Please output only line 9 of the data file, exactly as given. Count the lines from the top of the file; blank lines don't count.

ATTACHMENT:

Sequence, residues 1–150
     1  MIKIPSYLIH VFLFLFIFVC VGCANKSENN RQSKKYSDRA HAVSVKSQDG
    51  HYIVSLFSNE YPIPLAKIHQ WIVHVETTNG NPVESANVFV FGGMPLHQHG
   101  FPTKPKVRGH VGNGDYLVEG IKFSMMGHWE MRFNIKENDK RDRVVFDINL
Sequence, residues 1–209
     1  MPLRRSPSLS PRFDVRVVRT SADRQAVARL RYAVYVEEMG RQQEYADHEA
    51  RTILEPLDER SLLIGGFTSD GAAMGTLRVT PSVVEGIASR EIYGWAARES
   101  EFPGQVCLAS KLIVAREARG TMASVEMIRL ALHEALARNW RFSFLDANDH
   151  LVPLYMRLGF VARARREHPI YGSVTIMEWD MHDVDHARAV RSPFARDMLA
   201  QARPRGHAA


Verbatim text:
   151  LVPLYMRLGF VARARREHPI YGSVTIMEWD MHDVDHARAV RSPFARDMLA